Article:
THE Department of Trade and Industry (DTI) will be issuing notices of violation to sugar sellers who breach the prescribed government price ceilings, the Trade department said Wednesday.
At a Palace briefing on Wednesday, DTI Undersecretary for Consumer Protection Ruth B. Castelo noted that “some” sugar retailers have posted sugar prices above P55 pesos per kilo.
According to the latest Sugar Regulatory Administration (SRA) Price Monitoring Report on the average and prevailing sugar prices in Metro Manila, the retail price per kilo of refined sugar as high as P68.80 on April 2 and April 5. On April 6-9, the highest recorded price was P65 per kilo.
“DTI continues to monitor sugar. We have included that in our list. And we insist that price of sugar should only be at P50, maximum at P55 per kilo. The DTI, in our efforts to help the Department of Agriculture and the SRA, issues notices of violation to retailers selling sugar at a higher price than P55. We inquire from them as to the source and why the price is much higher than the expected retail price,” she said.
Ms. Castelo also said there is no basis for retailers to charge high prices for sugar, considering the current supply situation and stable farmgate prices.
“The SRA has said that there is sufficient supply of sugar in the Philippine market so there is no reason. We understand that some retailers initiated and increased the price,” she said.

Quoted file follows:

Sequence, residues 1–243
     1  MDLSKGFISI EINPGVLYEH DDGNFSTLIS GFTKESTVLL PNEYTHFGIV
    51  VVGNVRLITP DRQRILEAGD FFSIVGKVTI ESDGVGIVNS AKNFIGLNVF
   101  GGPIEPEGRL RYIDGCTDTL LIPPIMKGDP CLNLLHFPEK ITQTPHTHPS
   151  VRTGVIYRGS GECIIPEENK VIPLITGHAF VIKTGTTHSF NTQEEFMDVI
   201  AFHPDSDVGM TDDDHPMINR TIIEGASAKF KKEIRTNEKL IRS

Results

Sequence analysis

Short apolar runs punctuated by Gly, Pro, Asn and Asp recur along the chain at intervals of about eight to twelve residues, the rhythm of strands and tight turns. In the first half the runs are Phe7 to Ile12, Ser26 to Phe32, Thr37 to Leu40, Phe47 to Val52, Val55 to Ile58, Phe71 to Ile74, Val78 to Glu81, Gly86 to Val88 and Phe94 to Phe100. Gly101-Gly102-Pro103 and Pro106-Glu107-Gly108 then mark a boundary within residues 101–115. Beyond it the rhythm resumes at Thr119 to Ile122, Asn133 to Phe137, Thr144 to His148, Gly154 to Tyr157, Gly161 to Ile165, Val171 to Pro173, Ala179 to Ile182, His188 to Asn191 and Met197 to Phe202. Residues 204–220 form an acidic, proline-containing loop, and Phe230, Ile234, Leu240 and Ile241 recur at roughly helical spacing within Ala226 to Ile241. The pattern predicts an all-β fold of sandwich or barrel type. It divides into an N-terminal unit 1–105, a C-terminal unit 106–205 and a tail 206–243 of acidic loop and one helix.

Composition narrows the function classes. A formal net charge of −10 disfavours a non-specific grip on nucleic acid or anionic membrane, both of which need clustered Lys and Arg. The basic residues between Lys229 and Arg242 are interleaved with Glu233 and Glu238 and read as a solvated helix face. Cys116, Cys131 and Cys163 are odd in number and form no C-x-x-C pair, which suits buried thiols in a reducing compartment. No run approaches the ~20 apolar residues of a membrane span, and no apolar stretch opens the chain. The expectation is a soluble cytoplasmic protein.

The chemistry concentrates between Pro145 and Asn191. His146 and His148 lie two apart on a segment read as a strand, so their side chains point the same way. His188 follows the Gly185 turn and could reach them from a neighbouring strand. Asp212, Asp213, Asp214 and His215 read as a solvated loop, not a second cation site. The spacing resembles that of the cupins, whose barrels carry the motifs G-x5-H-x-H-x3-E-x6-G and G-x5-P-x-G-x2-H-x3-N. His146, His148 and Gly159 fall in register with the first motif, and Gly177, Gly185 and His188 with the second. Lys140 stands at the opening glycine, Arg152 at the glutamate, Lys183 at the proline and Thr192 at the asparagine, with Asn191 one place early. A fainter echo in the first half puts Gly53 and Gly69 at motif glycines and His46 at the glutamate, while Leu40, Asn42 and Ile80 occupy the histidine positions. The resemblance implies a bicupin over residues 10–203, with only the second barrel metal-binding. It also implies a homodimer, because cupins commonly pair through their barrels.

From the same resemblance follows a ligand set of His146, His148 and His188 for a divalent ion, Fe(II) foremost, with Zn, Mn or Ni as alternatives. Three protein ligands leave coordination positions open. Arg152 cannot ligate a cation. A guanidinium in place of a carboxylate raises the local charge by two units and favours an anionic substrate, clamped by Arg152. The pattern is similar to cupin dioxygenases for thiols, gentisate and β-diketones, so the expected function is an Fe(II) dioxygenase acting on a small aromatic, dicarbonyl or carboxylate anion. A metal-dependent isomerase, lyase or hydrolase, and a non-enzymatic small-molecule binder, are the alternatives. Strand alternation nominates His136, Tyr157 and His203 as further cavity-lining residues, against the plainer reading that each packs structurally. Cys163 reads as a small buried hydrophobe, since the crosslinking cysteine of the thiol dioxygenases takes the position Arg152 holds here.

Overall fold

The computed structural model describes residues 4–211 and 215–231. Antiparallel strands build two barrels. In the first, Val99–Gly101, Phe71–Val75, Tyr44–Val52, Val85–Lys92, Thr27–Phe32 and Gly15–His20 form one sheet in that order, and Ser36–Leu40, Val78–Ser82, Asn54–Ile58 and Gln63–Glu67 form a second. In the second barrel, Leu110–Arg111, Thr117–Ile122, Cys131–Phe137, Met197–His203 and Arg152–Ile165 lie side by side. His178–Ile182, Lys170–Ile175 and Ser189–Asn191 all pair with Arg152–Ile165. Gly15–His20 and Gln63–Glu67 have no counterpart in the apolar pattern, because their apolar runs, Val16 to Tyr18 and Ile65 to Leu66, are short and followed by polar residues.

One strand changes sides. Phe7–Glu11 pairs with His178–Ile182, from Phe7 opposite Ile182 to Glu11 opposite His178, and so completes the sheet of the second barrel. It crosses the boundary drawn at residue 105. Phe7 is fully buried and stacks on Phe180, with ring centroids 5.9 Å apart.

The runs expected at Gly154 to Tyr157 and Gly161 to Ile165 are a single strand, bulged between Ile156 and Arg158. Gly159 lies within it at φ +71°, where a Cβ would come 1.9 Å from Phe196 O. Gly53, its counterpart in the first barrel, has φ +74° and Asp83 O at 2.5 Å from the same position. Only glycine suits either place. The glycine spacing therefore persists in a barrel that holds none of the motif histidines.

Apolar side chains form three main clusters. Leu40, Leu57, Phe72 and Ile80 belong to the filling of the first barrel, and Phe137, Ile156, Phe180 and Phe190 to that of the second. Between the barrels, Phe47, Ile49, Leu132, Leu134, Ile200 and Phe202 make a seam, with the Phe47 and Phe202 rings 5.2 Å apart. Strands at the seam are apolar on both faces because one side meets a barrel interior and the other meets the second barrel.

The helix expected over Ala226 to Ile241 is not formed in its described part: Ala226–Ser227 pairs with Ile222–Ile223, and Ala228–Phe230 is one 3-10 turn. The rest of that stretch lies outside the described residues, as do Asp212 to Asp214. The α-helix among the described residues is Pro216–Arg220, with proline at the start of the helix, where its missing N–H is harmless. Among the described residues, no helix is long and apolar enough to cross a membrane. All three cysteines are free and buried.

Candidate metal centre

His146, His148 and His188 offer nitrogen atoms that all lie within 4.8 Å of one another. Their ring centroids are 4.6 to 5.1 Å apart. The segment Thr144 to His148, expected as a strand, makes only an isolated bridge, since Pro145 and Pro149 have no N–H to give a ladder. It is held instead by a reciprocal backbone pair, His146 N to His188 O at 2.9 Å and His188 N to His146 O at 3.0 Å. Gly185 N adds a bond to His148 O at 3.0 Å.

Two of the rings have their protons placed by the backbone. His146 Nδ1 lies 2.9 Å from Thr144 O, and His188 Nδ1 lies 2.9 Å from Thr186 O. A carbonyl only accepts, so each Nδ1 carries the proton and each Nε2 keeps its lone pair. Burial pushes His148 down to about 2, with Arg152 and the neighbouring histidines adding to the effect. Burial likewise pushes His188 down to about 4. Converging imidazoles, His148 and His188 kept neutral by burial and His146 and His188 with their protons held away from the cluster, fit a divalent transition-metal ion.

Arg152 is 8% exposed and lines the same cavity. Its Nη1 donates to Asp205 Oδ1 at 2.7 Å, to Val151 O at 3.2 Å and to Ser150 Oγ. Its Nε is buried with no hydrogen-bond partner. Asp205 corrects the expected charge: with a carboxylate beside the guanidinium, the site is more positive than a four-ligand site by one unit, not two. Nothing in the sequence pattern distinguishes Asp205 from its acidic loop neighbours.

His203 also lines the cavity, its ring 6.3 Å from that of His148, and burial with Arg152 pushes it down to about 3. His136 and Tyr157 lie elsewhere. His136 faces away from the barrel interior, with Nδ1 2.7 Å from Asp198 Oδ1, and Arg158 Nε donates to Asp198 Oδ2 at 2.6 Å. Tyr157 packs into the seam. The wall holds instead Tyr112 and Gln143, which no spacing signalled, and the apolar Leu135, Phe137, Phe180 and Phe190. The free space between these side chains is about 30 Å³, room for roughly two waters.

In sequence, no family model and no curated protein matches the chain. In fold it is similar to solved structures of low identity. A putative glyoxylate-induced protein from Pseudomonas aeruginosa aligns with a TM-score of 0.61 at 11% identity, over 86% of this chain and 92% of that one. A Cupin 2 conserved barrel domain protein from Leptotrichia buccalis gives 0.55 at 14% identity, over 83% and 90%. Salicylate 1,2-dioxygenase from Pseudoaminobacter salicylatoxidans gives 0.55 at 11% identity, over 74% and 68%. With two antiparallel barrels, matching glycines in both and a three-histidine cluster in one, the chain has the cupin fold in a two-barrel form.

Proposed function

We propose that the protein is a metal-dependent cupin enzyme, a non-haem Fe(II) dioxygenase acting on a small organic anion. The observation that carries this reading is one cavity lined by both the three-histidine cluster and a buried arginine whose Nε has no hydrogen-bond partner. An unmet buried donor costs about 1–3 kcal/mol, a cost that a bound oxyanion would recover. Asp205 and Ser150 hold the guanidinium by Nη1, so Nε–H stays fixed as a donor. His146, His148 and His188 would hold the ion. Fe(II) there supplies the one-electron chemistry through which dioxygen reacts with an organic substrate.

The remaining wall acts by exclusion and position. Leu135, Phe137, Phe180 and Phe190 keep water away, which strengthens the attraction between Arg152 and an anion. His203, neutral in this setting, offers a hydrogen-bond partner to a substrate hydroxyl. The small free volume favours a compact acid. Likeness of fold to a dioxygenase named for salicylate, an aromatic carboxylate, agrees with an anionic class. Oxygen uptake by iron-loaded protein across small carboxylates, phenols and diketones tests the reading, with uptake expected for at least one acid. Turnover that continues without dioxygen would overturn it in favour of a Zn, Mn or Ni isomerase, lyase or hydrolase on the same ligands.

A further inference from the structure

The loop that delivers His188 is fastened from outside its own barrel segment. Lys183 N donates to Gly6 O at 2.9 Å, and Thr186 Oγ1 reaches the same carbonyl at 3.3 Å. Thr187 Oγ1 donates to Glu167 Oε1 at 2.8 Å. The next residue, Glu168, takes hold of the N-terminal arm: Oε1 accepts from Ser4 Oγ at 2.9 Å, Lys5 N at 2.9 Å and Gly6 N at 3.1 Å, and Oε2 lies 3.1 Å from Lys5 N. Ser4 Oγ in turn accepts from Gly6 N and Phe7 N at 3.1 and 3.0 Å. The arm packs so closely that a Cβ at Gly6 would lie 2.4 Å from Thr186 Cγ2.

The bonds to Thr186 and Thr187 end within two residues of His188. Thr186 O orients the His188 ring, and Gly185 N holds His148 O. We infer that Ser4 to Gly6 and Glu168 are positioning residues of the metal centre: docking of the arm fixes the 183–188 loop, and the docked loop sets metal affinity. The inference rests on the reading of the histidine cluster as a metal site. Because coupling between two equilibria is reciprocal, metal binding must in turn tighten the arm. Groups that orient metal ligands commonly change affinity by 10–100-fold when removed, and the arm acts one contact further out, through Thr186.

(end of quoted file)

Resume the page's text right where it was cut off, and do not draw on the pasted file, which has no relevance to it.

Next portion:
In a chance interview, Ms. Castelo also told BusinessWorld that there have been requests from manufacturers to raise the prices of canned sardines and instant noodles.
“The DTI stalled them. At saka nakikiusap kami sa kanila kung pwede wag muna, at kung pwedeng absolute minimum ang requests (We requested a delay, or if any price hikes are resorted to, they should be held to the absolute minimum),” she said.
“Pero minsan naman kasi yung mga request nila vina-validate kasi namin, so yung legitimacy ng requests makikita rin namin. (Sometimes we see the legitimacy of the requests). Sometimes, they just want to compete.”
She cited some manufacturers who have not changed price since June 2018, since which period many raw materials have increased in price.
On the effects of El Niño on agricultural products, Ms. Castelo said at the briefing that a number of efforts are being undertaken to address its impact.
“Another meeting will be held at 2 o’clock today to make sure that government is ready to address the effects of El Niño on agricultural products,” she said.
She said vegetables appear to be the most affected.
“Gulay talaga iyong binabantayan natin (We are keeping an eye on vegetables) because of the drought… We intend to address this through the NPCC [National Price Coordinating Council] by finding out how we can help farmers continue production or minimize at least the ill effects of El Niño.” — Arjay L. Balinbin